What To Know Before Visiting A Public Garden

Not only are public gardens beautiful places to visit, for many of us they are a place where we pick up ideas and inspiration on how to be a better gardener. When I was working and studying at RHS Wisley, I’d often speak to visitors who’d innocently got the wrong end of the stick about what we were doing, or simply misinterpret what they were seeing. Here’s a few notes I made I think are worth sharing.

Beth Chatto’s Dry Garden. It looks low maintenance, but is it?

Just because they grow it, doesn’t mean it’s a good plant

If you want to grow a rose, why grow a disease-prone scentless variety that only flowers for a month, when you can find a healthy one that flowers all summer long and oozes beautiful fragrance? Before I worked in a large public garden, I assumed that whatever cultivars they grew, must be some of the best available. In reality, at RHS gardens many of the plants are on trial either formally or informally, so they may be growing every variety of yellow-needled dwarf pine, for example, to see which are the better ones. Hopefullyu the best varieties shine through, but it’s not always easy to tell at first or just be looking at them at one time of year. They may also be housing a Plant Heritage National Collection, meaning they collect every variety of a species, for conservation and education purposes. Again, some of the varieties will be miserable sulky things best avoided, while the ones worth growing reveal themselves if you put in a little effort through doing some research and making good observations. A bit simpler is to just ask a gardener or look up via Google which ones recently got an AGM (Award of Garden Merit).

The Mixed Borders at RHS Wisley. Even these hallowed borders contain a few dusty old varieties that have since been superseded by better cultivars.

Just because professional gardeners do it that way, doesn’t mean you need to

You may see gardeners cutting back plants or doing winter pruning of shrubs earlier than is needed. In a huge garden with limited staff, tasks that take a long time need to be started early. At home you may be able to leave all your perennials standing until late February and cut them all down in a weekend, but in a huge planting scheme it can take months, so an early start is critical in order to avoid the frustration of cutting back plants while new growth is already emerging. As humans it’s also understood that we tend to assume there is thinking and logic behind many things we see, when in fact there is none. Words like Pareidolia and Apophenia kind of describe this trait. When we visit gardens looking for tips on how to manage our own gardens, our brains can mislead us into thinking everything we see is the result of sound horticultural reasoning. This stood out to me when we were mulching the orchard trees with woodchip, and ran out just as we reached the plumbs. A week later I heard a few visitors walking past who noticed the unmulched plums, mention to each other that perhaps they too should not much their plums as the gardeners at Wisley hadn’t mulched theirs!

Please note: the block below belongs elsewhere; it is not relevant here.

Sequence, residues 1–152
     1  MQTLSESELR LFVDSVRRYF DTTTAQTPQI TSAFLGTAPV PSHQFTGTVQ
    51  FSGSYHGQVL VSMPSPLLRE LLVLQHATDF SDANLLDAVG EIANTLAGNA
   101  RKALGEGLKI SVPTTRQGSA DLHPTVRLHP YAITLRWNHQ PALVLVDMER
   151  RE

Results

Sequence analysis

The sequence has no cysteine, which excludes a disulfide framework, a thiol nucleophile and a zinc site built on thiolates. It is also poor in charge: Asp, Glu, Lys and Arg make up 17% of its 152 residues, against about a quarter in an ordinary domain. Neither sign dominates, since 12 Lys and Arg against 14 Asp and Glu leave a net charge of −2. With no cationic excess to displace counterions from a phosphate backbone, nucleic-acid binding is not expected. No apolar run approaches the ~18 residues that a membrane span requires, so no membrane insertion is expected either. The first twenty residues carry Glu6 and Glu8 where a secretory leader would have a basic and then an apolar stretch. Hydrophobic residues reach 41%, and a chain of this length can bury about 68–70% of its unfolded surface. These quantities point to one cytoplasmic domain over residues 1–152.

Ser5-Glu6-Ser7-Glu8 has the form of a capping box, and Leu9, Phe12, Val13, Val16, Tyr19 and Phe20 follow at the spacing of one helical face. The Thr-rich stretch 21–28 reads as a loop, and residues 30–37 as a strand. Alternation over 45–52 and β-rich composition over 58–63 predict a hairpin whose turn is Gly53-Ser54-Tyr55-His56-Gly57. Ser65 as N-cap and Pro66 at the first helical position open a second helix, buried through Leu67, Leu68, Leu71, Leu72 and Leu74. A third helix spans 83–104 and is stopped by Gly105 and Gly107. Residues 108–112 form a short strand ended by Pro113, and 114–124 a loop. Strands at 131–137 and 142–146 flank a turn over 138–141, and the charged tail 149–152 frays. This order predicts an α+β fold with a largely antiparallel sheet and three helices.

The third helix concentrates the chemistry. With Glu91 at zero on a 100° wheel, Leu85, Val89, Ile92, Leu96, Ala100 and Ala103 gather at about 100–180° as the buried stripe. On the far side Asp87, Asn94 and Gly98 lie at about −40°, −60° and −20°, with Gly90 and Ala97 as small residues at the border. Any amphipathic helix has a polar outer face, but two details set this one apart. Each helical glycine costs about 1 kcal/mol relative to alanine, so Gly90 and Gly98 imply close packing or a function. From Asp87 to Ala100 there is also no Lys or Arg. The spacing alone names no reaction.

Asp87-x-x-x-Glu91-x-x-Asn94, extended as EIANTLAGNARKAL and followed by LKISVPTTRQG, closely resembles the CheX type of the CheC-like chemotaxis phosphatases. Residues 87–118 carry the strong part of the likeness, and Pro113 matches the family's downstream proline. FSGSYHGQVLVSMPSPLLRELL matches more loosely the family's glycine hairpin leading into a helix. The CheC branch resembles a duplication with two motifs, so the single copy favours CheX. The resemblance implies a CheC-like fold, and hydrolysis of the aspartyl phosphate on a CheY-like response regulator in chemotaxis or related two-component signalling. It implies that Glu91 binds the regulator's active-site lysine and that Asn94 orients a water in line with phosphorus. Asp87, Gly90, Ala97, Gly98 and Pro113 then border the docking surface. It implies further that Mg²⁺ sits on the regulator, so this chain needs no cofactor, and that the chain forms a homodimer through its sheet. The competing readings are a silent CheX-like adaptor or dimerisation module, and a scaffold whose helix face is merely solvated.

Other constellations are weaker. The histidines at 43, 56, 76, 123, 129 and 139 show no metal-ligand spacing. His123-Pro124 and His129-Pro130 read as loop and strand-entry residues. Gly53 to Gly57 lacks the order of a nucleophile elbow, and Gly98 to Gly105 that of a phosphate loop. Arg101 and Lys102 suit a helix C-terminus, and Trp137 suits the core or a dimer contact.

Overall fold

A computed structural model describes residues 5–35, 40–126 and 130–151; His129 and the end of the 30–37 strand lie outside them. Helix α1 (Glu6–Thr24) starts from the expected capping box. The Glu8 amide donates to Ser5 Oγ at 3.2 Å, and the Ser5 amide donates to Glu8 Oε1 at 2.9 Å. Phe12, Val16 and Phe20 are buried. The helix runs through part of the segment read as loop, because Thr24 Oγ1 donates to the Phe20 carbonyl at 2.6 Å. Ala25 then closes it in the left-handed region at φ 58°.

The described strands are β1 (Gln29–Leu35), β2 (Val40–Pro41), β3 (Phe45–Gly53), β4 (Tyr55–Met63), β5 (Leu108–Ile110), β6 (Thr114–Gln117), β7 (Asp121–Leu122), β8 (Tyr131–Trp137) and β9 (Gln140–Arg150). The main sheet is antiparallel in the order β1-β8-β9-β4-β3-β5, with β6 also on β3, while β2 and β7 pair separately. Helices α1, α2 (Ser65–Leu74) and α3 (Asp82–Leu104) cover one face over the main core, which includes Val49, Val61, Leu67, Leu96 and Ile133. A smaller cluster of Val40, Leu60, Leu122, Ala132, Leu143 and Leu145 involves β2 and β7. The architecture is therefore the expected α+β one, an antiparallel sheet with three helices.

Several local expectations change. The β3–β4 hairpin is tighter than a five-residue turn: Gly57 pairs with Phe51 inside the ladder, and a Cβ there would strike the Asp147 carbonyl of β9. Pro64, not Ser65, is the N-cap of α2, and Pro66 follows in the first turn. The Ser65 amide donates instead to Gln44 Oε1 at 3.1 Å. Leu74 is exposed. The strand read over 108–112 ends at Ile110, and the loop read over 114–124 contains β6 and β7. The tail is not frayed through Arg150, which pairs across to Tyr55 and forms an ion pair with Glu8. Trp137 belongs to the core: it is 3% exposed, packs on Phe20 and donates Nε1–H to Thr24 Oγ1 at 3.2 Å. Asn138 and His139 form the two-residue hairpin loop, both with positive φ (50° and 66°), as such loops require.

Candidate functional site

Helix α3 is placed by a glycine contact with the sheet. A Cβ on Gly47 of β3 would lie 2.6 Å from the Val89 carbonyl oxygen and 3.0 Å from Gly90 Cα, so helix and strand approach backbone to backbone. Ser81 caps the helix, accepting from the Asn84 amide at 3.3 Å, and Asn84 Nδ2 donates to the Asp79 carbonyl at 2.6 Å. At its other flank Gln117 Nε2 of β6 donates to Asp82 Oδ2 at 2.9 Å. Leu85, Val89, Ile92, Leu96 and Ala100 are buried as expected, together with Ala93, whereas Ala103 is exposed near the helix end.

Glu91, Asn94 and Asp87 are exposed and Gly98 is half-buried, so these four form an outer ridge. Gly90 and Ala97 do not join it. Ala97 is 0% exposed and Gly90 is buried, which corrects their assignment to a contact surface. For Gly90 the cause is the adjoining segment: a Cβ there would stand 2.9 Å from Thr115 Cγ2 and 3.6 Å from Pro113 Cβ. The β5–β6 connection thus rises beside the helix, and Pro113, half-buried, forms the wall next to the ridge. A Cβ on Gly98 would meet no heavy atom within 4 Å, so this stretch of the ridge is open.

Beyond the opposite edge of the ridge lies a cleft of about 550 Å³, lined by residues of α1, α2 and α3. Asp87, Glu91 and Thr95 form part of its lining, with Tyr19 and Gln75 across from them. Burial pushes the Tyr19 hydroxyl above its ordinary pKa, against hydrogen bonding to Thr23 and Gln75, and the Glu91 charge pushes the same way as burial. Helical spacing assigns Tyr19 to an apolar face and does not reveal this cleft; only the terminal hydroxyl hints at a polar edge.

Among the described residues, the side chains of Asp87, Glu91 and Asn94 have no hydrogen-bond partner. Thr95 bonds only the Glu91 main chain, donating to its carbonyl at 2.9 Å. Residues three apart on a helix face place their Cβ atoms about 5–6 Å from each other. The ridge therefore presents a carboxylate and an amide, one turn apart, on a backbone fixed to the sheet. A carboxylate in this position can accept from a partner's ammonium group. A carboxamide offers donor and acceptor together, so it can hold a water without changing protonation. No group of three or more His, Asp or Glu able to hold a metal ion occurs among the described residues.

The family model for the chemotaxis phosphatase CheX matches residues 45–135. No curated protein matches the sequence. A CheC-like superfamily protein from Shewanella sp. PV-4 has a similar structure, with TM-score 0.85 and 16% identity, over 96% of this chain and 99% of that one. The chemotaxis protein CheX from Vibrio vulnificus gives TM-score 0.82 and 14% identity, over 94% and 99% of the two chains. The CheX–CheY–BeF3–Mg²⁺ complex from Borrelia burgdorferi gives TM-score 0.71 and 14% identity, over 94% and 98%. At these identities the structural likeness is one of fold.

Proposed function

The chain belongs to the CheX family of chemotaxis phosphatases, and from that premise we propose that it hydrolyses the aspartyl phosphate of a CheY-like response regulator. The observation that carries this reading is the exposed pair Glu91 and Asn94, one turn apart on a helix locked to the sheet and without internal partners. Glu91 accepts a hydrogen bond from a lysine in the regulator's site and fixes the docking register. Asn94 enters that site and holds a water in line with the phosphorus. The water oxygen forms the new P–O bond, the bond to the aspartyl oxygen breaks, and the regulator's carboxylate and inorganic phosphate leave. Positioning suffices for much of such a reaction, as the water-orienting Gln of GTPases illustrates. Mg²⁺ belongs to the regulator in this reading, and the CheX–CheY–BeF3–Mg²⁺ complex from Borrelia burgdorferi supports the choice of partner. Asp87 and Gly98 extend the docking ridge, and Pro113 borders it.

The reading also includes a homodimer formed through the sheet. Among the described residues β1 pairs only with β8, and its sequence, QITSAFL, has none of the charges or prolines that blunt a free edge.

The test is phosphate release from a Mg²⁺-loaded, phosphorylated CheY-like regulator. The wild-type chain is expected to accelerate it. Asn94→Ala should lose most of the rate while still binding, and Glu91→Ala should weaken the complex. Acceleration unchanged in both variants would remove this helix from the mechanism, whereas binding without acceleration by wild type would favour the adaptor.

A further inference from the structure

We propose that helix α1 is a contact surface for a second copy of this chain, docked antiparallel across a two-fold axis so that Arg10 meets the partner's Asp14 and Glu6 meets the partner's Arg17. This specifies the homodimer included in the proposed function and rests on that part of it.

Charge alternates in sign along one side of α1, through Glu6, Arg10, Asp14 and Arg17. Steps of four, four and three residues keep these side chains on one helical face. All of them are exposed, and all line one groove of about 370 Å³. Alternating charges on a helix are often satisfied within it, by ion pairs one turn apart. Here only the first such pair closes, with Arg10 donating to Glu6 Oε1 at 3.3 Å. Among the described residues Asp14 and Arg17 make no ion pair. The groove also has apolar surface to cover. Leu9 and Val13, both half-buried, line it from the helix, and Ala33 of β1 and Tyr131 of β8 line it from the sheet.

The Glasshouse Landscape at RHS Wisley. The cut-back takes time.

Be careful where you take you inspiration from

Professional gardeners often strive to create plantings that look utterly beautiful and yet completely effortless. Don’t be fooled. Well designed hardy perennial plantings may genuinely be fairly low maintenance, but serious wow-factor displays unusually demand constant attention, supplementary water, extra nutrients, daily tinkering with plant supports, dead-heading and even seasonal swapping out of plants. The effect of having a constant stream of professional gardeners walking past an area every day, also means that problems are spotted early and managed quickly. Don’t beat yourself up if you can’t achieve the same level of wow-factor at home. Talk to the gardeners and ask which bits of the garden are genuinely lower maintenance, you may find planting inspiration that fits your own lifestyle better. With lots of space, public gardens can also afford to have areas that only look good for a month or two, but in a smaller home garden there’s more need for plant combinations that look great much longer through the year. Visiting the same garden through each of the different seasons will help you get a grasp of which types of planting give you year-round joy.

The White Garden at Sissighirst. Requires attentive dead-heading to avoid browning flowers spoiling the display.